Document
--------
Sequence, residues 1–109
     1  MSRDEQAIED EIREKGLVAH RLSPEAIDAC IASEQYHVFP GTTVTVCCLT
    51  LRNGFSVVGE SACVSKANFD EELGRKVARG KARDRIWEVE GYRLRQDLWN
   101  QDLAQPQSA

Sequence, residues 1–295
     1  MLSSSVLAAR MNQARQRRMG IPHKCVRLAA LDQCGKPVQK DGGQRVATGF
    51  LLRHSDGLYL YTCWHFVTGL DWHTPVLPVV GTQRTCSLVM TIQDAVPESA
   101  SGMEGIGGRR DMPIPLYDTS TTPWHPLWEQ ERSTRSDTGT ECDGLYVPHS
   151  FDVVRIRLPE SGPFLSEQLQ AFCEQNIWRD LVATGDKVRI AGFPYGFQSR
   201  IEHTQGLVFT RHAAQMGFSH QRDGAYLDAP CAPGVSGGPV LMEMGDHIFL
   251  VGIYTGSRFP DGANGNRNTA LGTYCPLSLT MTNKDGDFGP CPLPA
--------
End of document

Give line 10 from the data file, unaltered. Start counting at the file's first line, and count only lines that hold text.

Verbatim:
   201  IEHTQGLVFT RHAAQMGFSH QRDGAYLDAP CAPGVSGGPV LMEMGDHIFL